The soundscape has this unique ability to keep you focused, it’s pleasant to listen to and helped to relax me a little, even when I’m mid-air and praying there will be ground to meet me. The level designs are great, and although the objective is the same, they aren’t always the same, and many of them very intelligently crafted. Having the capability to leave and come back relieves a lot of the frustration of feeling stuck, because that is usually where my interest would fade if I come across an obstruction that I feel I can’t overcome at the time, and something like that would put me off coming back.(“I’m out!”)
Instead, I have a lot more freedom with the non-linear design, and I want to come back clear my conscience, and not nab those last few coins. Despite being in what is meant to be a torn apart world, the colours are great. The little glyph has a nice shine to him and the backdrop on each track feels massive, and vibrant. When charged, the Glyph will give off a nice glow that reflects quite nicely off the surface of any structure close by and fits in with the cartoonish colours this world is painted with.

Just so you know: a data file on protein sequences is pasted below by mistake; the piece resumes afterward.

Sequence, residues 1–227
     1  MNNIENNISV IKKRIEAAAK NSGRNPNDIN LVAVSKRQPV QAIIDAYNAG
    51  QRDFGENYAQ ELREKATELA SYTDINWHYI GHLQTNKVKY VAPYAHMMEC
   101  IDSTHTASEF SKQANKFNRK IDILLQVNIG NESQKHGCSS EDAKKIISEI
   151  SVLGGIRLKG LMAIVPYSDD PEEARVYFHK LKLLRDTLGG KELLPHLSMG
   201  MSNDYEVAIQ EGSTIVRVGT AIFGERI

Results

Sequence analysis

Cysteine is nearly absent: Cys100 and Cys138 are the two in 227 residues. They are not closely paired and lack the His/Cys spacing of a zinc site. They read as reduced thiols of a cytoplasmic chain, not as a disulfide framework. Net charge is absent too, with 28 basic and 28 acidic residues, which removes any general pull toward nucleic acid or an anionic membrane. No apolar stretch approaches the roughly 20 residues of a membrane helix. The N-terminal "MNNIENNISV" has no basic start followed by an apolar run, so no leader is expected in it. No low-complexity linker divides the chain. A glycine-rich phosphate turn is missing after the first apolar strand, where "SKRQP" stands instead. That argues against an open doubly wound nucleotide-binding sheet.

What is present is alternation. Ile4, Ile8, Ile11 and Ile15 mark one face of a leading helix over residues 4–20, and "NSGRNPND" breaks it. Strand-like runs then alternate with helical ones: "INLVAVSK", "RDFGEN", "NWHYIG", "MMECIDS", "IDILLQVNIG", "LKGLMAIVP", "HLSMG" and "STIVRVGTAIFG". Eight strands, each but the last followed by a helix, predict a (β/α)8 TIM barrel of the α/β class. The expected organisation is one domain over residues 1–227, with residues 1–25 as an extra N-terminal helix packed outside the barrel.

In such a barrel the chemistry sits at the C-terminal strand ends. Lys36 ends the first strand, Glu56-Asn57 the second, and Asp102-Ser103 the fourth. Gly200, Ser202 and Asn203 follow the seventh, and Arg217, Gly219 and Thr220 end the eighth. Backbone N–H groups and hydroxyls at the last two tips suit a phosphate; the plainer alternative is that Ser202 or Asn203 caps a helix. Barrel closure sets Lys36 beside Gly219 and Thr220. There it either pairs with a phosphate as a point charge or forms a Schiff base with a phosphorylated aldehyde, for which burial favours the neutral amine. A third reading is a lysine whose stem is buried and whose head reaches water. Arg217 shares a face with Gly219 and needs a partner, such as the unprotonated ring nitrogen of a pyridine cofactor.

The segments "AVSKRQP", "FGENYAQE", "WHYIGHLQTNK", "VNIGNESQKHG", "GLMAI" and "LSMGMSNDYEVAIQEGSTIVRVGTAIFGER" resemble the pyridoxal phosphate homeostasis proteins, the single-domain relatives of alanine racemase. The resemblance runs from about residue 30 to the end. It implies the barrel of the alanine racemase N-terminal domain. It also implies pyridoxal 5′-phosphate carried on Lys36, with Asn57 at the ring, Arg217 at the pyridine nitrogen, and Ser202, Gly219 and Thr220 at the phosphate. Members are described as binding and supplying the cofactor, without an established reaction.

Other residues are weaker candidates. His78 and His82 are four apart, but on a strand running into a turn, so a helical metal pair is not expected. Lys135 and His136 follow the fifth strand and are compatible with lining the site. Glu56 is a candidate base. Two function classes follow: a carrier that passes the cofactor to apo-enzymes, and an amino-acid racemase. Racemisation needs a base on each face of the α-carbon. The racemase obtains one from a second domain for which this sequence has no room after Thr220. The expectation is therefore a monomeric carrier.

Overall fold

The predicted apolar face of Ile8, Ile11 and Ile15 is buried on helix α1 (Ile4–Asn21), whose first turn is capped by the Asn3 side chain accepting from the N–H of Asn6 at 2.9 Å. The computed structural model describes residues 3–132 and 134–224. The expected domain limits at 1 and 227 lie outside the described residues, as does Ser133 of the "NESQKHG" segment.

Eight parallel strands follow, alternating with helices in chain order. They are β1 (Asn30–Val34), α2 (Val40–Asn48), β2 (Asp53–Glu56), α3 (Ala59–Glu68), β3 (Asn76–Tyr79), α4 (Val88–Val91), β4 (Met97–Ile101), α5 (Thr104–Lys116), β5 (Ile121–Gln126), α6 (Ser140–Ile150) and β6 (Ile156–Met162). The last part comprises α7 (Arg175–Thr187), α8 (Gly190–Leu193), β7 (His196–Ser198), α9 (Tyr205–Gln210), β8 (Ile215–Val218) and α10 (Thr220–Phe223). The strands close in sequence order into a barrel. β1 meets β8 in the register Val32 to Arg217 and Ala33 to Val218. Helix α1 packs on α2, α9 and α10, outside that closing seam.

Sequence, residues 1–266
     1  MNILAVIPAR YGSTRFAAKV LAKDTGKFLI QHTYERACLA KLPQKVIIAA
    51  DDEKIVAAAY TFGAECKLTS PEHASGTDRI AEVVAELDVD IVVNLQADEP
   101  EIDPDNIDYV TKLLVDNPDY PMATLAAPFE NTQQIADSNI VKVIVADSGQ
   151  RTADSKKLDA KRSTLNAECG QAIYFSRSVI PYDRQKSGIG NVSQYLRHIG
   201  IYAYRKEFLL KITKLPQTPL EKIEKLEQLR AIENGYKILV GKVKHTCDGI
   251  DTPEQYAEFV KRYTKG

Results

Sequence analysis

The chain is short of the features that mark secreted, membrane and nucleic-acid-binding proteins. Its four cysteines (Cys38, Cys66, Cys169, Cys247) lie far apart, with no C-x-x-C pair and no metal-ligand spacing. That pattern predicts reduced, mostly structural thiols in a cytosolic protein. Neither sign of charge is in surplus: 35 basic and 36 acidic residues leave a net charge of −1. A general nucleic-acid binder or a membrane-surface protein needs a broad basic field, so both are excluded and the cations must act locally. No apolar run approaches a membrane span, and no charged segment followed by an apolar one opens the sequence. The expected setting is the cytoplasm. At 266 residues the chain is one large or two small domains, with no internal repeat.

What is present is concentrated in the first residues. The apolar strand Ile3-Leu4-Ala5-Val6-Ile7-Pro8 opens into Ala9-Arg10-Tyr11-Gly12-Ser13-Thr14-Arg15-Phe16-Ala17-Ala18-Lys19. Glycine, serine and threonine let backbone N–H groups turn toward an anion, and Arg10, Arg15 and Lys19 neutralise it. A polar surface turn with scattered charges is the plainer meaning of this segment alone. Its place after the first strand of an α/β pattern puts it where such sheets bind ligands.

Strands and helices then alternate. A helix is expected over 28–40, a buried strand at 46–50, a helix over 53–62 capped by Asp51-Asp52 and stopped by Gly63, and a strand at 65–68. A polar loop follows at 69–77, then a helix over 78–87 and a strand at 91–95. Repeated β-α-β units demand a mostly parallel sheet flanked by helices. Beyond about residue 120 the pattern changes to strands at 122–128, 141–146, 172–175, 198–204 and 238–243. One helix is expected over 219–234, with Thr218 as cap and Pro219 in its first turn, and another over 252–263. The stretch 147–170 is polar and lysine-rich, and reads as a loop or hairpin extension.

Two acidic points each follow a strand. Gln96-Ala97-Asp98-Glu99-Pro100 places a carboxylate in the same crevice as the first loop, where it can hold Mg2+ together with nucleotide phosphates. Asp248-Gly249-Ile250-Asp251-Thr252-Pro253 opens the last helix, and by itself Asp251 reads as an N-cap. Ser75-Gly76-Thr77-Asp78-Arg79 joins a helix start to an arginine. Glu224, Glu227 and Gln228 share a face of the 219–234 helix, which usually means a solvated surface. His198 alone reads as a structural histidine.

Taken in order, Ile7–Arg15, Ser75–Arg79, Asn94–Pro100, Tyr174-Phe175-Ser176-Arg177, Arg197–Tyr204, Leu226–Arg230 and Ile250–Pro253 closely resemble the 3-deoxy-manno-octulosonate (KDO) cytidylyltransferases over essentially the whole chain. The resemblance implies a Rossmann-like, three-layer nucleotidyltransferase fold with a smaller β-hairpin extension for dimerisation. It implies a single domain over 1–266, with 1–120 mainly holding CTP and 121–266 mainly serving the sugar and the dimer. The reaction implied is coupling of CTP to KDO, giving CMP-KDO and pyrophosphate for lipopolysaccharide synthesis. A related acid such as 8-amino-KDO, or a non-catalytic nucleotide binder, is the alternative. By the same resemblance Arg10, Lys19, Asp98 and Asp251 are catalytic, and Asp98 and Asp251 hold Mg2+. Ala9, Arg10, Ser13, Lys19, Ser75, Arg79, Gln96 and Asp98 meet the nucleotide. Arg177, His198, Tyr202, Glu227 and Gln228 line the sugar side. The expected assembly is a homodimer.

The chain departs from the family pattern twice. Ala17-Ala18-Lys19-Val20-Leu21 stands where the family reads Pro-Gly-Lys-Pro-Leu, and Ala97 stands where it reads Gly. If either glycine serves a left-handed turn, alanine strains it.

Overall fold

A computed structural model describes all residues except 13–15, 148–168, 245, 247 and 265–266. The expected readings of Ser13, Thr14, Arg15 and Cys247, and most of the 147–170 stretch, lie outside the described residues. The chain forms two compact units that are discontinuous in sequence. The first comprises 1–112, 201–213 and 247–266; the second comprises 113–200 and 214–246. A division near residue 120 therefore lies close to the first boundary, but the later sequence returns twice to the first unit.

(“What is this? School!?, I don’t wanna read!”)
There are plenty of other challenges that would suit speed runners quite well, especially with the time-trials, and thanks for YouTube personalities streaming games, and those streaming on Twitch, there is a strong competitive element to be taken advantage of. Players can compete by completing the levels in the shortest time, or without dying, or collecting all the goods, and any combination of the three. The easier levels will help with getting used to the controls, and the camera, and with practice you should be able to manage even the most heart stopping arenas and join in on the fun.